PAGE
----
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Protecting Your Tax Dollars


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This week, the state budget office announced that South Dakota closed the 2011-2012 fiscal year in the black. The state's ongoing revenues exceeded ongoing expenses by $47.8 million.

This is good news for South Dakota, and it happened because we applied common sense to our budgeting.

Imagine you are the owner and publisher of this newspaper, and you are planning your budget for the coming year. You would have to make your plan based on projections about your newspaper business. Certainly, you would consider recent trends in your business, your experience with newspapers, and the economic health of your town.

If you were running that newspaper, would you assume a big increase in advertising sales? Would you plan for lots of new subscribers? Would you calculate that your printing and delivery costs will go down?

Of course not. You might hope for those things to happen, but it would be very foolish to take them for granted. If you plan to spend every last dollar under the best-case scenario, your business will be in trouble if things don't go as planned.

The South Dakota state budget works in the same way. When I came into office, our state faced a projected budget deficit of $127 million. We made tough choices to balance our budget without raising taxes.

We hoped that our businesses would quickly bounce back from the recession. We hoped that grain prices would remain high and favorable weather for farmers would continue. We hoped that the growth in Medicaid enrollees would slow down, and that home construction would speed up. We hoped that state departments would come in under-budget.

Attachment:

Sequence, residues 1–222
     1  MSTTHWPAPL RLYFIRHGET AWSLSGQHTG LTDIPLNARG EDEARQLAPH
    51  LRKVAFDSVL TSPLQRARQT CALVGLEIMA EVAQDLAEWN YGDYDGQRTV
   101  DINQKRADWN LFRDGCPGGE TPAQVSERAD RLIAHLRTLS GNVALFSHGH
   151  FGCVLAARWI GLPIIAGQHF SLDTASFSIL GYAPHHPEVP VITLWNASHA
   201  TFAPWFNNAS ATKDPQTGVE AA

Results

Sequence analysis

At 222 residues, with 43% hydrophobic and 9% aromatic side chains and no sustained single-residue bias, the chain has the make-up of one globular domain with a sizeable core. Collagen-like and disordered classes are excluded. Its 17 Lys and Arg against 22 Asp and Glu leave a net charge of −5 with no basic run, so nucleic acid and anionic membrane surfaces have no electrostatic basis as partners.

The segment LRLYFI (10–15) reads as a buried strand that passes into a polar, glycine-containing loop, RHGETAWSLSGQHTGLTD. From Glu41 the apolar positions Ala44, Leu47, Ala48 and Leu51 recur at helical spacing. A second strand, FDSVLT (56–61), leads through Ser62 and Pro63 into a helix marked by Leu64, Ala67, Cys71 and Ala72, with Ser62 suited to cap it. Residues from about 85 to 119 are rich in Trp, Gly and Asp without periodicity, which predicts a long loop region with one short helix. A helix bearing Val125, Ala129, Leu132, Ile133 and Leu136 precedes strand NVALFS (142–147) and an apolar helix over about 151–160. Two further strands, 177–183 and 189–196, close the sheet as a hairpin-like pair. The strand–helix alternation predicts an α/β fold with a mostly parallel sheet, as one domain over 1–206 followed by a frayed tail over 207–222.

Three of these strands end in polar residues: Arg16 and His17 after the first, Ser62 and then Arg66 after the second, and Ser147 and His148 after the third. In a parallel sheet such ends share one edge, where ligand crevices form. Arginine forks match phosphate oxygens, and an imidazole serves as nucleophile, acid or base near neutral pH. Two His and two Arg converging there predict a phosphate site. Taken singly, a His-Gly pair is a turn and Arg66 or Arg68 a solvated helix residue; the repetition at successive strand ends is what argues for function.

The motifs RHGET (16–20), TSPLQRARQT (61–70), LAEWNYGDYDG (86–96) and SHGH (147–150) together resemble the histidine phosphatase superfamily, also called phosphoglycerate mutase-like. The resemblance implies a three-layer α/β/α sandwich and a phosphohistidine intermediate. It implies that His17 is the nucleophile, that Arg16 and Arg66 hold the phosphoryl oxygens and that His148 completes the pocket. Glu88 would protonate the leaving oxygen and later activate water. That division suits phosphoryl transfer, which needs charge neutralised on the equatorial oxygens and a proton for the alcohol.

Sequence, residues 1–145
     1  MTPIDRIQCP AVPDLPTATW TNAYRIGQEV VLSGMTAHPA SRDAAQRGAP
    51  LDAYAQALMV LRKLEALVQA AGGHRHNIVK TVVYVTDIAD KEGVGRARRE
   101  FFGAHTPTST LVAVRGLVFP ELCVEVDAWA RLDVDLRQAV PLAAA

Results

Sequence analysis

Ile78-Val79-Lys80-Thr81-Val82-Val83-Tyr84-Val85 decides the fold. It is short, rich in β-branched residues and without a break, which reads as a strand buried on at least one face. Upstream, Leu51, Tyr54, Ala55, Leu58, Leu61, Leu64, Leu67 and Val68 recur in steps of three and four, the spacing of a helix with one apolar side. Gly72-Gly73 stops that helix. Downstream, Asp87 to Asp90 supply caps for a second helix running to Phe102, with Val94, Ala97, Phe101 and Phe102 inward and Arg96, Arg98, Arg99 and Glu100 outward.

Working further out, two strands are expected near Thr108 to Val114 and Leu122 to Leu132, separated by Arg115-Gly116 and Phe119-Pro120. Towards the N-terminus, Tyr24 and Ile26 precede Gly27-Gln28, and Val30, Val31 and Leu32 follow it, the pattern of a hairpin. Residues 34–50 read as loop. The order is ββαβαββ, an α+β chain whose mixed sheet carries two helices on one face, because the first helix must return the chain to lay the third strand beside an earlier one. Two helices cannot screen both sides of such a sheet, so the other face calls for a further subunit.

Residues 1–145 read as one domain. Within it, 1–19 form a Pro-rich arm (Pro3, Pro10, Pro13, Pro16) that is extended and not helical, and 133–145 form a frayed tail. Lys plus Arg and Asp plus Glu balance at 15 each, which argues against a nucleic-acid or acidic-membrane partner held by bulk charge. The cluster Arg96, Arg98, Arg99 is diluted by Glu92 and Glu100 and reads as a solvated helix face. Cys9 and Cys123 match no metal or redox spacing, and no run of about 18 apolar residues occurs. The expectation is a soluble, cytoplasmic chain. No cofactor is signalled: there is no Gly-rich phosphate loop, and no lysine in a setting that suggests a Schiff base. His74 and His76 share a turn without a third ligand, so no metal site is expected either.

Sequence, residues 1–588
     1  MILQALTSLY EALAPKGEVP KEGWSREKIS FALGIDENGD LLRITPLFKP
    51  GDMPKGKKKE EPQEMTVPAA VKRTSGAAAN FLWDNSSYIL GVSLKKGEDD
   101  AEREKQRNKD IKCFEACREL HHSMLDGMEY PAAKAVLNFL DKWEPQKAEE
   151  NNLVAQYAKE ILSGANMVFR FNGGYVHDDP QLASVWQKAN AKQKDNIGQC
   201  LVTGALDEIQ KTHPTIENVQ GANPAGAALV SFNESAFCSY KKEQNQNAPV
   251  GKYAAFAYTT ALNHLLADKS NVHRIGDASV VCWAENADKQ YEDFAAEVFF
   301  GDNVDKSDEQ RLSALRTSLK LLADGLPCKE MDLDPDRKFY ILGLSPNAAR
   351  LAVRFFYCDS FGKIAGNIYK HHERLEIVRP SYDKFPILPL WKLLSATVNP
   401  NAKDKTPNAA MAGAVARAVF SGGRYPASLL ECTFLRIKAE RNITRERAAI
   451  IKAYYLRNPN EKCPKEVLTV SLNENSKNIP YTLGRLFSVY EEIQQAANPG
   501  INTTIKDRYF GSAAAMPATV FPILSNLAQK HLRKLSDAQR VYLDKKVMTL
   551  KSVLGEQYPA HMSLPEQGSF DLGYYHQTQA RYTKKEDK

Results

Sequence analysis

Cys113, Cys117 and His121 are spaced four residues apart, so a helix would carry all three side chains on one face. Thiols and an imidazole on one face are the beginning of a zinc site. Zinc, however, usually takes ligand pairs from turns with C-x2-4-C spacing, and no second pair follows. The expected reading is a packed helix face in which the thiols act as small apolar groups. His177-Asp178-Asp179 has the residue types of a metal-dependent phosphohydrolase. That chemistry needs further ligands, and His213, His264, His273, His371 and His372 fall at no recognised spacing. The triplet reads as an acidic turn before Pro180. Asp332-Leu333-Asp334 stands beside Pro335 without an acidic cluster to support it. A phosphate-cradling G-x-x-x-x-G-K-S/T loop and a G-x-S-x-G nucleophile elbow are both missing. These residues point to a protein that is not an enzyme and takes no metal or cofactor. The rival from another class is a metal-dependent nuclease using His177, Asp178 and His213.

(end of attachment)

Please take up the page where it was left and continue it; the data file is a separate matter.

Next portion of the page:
We hoped for these things -- but we didn't take any of them for granted. We didn't assume everything would go our way.

In the fiscal year that just ended, things turned out a little better than we planned. That is good news. It shows that we are being cautious. I would rather have a little extra than come up a little short. And in the 2012 session, we were able to spend extra money on priorities like K-12 education because things turned out better than we planned.

South Dakota's economy is one of the healthiest in the nation, and we have seen a strong rate of recovery in the past 18 months. I'm optimistic about our future.

But we still need to guard against future threats. The debt crisis in Europe could pull the world back into recession. Looming federal budget cuts could cost South Dakota as much as $50 million a year, starting next year. Drought conditions in much of South Dakota could lead to a difficult year for our farmers and ranchers.

I will continue to be prudent and cautious with your tax dollars so we do not run a deficit. We will not foolishly plan on the best-case scenario. That way, when there is a little extra, we can put it back into our schools and other priorities.

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